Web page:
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M.U.T. Rant - Angel of mercy or messanger of darkness?(22 posts)

M.U.T. Rant - Angel of mercy or messanger of darkness?Kristin
Aug 5, 2002 8:36 AM
I was out riding on Saturday morning around the local M.U.T.--Why do I go there--and I round a corner on a rather twisty section of the trail. What do I see? A boxer on a road bike moving along at 10 MPH. He isn't focused on pedaling, no. He's sitting up taking practice swings into the air. I'll give him credit for good balance, but he's still weaving with every swing. And blasting tunes thru his headphones! Ugh. I shouted at him three times before I finally "woke the beast." Well, he threw an endless series of lame insults after me until I was out of sight. One of which was, "Oh, did I disturb your workout Miss Professional Cyclist?" He must have said that 10 times. Professional cyclist? My average was 15MPH and I got away from him with no trouble at all. Some people!

Fast forward to Sunday. This guys insults lingered in my mind. I was turning his puzzling comments over in my mind as I picked up a copy of the Sunday Tribune. There was something strange about the way he kept saying, "Miss professional cyclist." Then I see it! The cover story. Ventura wins the first ever Arlington Heights criterium. ARRRGHH! I missed the race...Miss professional cyclist? It was a sign!!

Was this guy just another annoying jacka$$ (does that make it less of a swear?) or an angel of mercy sent by the cycling god's to remind me of the race. Or perhaps I've watched "The Mothman Prophecies" one too many times?
My Monday MUT RantScot_Gore
Aug 5, 2002 9:00 AM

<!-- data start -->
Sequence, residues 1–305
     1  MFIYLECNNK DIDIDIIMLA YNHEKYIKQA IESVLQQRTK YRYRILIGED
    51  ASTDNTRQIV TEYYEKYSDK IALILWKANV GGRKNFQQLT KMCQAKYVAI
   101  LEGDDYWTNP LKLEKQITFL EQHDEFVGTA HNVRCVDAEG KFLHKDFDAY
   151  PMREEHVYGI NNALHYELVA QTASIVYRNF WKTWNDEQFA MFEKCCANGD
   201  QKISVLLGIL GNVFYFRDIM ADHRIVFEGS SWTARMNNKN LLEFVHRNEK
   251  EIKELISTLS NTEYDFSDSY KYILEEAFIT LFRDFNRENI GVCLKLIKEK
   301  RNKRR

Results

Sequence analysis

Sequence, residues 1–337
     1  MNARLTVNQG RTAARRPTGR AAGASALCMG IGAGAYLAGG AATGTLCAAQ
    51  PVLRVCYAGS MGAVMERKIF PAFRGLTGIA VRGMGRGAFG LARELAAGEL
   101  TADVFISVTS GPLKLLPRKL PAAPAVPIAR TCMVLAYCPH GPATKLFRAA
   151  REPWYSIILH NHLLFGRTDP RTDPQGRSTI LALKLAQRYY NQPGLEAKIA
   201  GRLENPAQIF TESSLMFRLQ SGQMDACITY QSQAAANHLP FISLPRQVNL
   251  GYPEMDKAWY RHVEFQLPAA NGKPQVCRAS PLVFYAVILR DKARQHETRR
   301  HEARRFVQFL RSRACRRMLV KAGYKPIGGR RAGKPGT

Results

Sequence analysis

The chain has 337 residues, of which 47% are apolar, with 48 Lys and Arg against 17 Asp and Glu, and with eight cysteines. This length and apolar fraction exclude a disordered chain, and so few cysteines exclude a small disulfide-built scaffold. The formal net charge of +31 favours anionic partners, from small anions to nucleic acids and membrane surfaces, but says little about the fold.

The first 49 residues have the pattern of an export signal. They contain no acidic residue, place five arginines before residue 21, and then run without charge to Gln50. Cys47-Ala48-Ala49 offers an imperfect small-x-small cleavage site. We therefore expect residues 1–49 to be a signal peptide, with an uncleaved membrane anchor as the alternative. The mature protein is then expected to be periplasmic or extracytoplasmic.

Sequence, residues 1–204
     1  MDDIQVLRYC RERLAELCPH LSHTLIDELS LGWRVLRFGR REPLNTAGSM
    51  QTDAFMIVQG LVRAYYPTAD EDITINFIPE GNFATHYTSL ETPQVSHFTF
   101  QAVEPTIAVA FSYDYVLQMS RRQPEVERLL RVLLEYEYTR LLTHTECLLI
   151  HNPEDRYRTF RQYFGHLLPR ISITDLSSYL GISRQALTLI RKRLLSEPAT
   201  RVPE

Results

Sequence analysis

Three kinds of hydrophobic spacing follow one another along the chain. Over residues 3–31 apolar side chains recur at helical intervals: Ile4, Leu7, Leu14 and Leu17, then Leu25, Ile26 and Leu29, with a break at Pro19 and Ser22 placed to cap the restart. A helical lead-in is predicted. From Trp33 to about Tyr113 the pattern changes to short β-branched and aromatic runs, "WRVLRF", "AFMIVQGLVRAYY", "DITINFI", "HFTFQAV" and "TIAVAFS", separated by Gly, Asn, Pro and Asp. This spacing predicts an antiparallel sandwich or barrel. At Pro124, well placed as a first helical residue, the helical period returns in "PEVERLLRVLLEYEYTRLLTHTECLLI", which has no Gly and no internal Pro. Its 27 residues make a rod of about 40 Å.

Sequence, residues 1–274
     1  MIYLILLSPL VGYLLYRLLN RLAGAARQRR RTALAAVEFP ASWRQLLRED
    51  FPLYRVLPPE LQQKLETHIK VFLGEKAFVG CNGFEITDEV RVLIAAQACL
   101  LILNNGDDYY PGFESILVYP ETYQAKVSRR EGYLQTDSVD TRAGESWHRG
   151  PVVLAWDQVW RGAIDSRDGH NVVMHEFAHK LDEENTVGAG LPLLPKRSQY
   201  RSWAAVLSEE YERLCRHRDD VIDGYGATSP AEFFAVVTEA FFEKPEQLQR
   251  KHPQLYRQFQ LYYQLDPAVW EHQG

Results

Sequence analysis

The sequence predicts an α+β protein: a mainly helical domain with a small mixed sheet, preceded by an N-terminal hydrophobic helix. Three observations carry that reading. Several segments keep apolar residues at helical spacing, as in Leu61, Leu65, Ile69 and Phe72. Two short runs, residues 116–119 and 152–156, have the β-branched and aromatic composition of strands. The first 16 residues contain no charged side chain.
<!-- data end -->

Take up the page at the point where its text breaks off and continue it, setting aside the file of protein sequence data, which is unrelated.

Sunday 6:30am

I decide to take a MUT that I've never used before that goes through a city that has a reputation for, well, let's just say "reputation" and leave it at that.

My bike trail map has a little note that says bike bridge complete fall of 2001. So, I think, lets go see what it looks like.

There's a perfectly good road on my left but I stay on the MUT because I don't know quite where it turns onto the bike bridge. I'm utterly alone, it's a nice brisk morning, going around 18 MPH or so, river flowing on my right, I look up ahead, the trail curves around a cusp of trees, I can see I'll soon be passing under a bridge, as I round the curve by the trees, I look ahead, AHHHHHHHHHHHH......the locals have been tossing beer bottles from the overhead bridge deck, the trail is litted with glass, I think good thoughts, It dosn't help, ....PSSSSSSSSSSSSSSSSSSSSSS.... rear flat, should have stuck to the road.

Scot
Sorry...but what's a MUT? (nm)94Nole
Aug 5, 2002 9:37 AM
Multi-Use Trail (nm)Kristin
Aug 5, 2002 9:38 AM
you mean politically correct name for Bike Path :-) nmDougSloan
Aug 5, 2002 3:03 PM
re: M.U.T. Rant - Angel of mercy or messanger of darkness?rtyszko
Aug 5, 2002 10:04 AM
Kristin, Lots of angels are out there we just need to be aware of them. In all likelyhood, though, this guy was a jackass and not an angel. I come to this conclusion by way of statistics. There are far more jackasses out there than there are angels so I'm willing to bet that he was one of the former, not the latter......

Bob Tyszko
"The Boxer and the Cyclist"AllisonHayes
Aug 5, 2002 10:55 AM
Now there is the makings of a movie script somewhere in your story girl. (well maybe a B movie, but a movie nonetheless)

A chance meeting between some brain-whacked boxer who rides the MUTs no-handed while doing his punching routine. A down and out tomato can who is fodder for the up and coming young pros

A female cyclist who is looks to him as though she is clearly a professional rider.

A dark shadowy figure who offers both of them a chance at greatness.

.....someone add the next scene---let's write this story, let's get those minds working. We need a good 5-6 scenes or more....